A return to Giyani’s days of old, including bare-knuckle fights

Community builder Mahlawule restoring culture that kept locals together

Bare-knuckle fights have always kept supporters glued to their seats as gladiators pounded each other to submission.
Bare-knuckle fights have always kept supporters glued to their seats as gladiators pounded each other to submission.
Image: Elvis Mushiana

In another time, a patch of ground on the outskirts of Limpopo’s Muribani village was a revered arena where xibakela gladiators with nicknames such as Two-Two, Bawuri Fish, Guarantee and others enthralled crowds by trading punches in the popular men’s game of bare-knuckle fighting.

The duels at Muribani near Giyani drew crowds by their thousands, much to the chagrin of the apartheid government, which was wary of black people gathering in great numbers.

So popular were the games that traders flocked to the site to sell food, beer and livestock. Muthi traders also came to sell their potions to the fighters who believed these would help them pack a mean punch to beat their opponents.

But the games were eventually discontinued on New Year’s eve of 1969, allegedly due to the apartheid government fearing the gatherings would serve to mobilise the oppressed people of the area politically.

Half-a-century after the last bout took place here, 62-year-old business person and community builder Mackson Mahlawule of Shihosana village in the Collins Chabane local municipality is restoring the ground that was once the pride of the villages near Giyani.

As a youngster, he used to join the crowds to cheer on the fighters. Mahlawule has been troubled by seeing this spot which was located near a cattle dip destroyed by illegal sand miners.

“I went to the local chief to apply for permission to utilise the land and they agreed,” he said.

Mahlawule then approached other influential citizens who joined him in starting the Muribani Cultural Village and Entertainment co-operative.

The site now boasts a cultural village, lodge, camping and picnic sites. It also has facilities for netball, and a pitch for “river sand soccer” – a village version of beach soccer. The area has now been accepted as part of the Rixile Tourism route.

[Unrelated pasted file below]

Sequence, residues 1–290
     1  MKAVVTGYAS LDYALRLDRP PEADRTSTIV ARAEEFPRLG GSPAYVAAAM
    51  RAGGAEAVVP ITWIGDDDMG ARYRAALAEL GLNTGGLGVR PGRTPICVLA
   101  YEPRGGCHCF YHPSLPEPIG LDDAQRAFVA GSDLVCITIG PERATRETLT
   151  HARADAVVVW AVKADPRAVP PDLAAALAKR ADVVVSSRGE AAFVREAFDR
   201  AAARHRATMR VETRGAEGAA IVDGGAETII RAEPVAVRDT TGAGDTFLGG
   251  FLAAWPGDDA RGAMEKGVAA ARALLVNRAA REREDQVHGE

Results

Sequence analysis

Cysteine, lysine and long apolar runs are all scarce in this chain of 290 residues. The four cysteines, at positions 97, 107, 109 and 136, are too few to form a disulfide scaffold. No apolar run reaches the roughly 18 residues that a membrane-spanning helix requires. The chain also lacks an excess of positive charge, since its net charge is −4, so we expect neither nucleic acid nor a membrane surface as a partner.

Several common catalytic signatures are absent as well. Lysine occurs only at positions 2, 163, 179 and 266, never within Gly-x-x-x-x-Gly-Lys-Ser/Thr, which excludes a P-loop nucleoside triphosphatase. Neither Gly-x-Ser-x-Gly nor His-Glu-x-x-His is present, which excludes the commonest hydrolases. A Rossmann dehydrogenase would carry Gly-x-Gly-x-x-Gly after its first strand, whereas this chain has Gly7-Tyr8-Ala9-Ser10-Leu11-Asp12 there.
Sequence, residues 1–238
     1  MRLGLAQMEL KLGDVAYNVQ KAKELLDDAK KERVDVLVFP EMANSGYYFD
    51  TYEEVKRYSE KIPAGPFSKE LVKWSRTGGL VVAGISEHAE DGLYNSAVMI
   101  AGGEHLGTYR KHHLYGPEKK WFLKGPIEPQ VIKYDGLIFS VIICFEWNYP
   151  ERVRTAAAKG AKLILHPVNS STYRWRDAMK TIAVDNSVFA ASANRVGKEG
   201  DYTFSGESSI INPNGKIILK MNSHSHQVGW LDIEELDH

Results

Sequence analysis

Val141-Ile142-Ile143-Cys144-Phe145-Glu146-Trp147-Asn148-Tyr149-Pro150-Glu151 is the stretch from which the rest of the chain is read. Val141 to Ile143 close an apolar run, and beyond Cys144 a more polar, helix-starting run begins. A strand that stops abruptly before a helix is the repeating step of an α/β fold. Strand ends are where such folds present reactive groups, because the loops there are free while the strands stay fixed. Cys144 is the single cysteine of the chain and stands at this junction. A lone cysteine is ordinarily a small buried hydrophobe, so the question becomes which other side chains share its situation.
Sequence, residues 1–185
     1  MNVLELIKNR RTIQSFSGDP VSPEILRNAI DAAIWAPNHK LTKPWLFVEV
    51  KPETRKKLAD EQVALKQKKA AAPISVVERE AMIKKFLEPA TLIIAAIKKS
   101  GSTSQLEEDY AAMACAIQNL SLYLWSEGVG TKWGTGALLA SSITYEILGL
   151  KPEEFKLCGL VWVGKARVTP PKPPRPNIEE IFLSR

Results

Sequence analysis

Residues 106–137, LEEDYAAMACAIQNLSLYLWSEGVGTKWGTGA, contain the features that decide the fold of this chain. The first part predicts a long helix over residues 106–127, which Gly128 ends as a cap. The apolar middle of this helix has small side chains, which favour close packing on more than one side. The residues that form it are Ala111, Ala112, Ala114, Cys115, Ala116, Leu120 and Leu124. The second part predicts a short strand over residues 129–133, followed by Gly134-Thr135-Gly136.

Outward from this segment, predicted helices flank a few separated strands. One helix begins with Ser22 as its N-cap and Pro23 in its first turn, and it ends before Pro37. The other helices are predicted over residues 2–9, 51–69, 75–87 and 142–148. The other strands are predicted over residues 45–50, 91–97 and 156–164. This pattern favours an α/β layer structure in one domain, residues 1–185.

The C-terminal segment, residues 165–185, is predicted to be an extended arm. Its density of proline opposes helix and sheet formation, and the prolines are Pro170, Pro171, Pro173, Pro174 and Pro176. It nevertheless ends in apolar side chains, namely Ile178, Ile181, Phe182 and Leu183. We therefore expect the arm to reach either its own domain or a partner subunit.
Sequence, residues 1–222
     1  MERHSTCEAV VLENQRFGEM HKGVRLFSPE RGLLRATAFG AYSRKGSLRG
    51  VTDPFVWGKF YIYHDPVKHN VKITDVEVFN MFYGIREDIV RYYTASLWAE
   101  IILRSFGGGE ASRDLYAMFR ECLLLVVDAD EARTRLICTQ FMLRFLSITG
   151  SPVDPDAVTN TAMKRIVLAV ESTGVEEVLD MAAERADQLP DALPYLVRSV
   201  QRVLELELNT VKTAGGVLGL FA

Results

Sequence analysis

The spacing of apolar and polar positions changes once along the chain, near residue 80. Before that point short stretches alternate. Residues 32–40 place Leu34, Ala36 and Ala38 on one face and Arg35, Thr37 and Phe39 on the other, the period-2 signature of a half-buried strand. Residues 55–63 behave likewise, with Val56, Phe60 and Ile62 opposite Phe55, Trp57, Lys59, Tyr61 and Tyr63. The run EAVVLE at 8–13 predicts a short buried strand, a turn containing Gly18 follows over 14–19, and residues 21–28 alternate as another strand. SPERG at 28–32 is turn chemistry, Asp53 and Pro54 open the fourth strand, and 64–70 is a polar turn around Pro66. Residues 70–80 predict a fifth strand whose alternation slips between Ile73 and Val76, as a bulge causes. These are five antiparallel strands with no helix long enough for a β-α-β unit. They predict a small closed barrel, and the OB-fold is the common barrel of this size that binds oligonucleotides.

Mahlawule said according to oral accounts passed down by village elders, the bare-knuckle fights started in the 1940s when people from villages such as Muswane, Nhombelani and Shihosani came to dip their cattle in Muribani.

As they waited for their livestock to be dipped, they whiled away time by engaging in the age-old game of tough guys. Before the fighters took on one another, they would pit bulls from rival villages to fight each other as a ceremonial opening match.

“Muribani was a drawcard because there were no dipping tanks in many villages. But the government later built dips in various villages and ever since they have been dipping their cattle in their own areas, it was not possible for them to come to Muribani and the support suffered,” said Mahlawule.

Although Mahlawule was still a young, wide-eyed village boy when xibakela was last played in Muribani, he remembers it all as if the fighters exchanged blows just yesterday.

The biggest spectacle was between legendary fighters Guarantee and Two-Two. Guarantee, real name Wilson Khosa, was from Nkuri village and represented people from the south of Muribani. Two-Two was from Mavalani and represented people from the north.

“Two-Two had shocked Guarantee, who had until then been regarded as invincible, by beating him in an earlier encounter, getting him swollen for the whole solid week,” he said.

In the second fight, Guarantee pummeled his opponent until he surrendered. After that the fights that had stirred interest in the entire former Gazankulu and Venda homelands ceased.

Mahlawule said it was widely believed the apartheid government established dipping tanks in other villages as a strategy to cancel out the large gatherings.  

Not so long ago Muribani hosted Mildred Oliphant, then minister of labour, who came to launch the Vhembe tertiary co-operatives. But the Covid-19 pandemic now poses a threat to the future of the sport because it involves close body contact with no gloves or any form of body protection. Muribani has also hosted many soccer tournaments and music festivals.

Guarantee, now 77 years old, is happy that his former happy hunting ground is no longer a wasteland. He is still the reigning champion from the last games hosted there in 1969. “But unlike those of us who fought for nothing, big business should get in and support the sport,” he said.

Mahlawule said they are ready to host not only xibakela but different types of games. “Our cooperative is doing a lot to make young people busy, to make them know what people in the past did,” he said.

Hosi Shigamani of the Khatisa Chavalala Cultural Heritage Foundation said they support the efforts to preserve the culture of barek-knuckle fighting. – Mukurukuru Media

Would you like to comment on this article or view other readers' comments? Register (it’s quick and free) or sign in now.

Speech Bubbles

Please read our Comment Policy before commenting.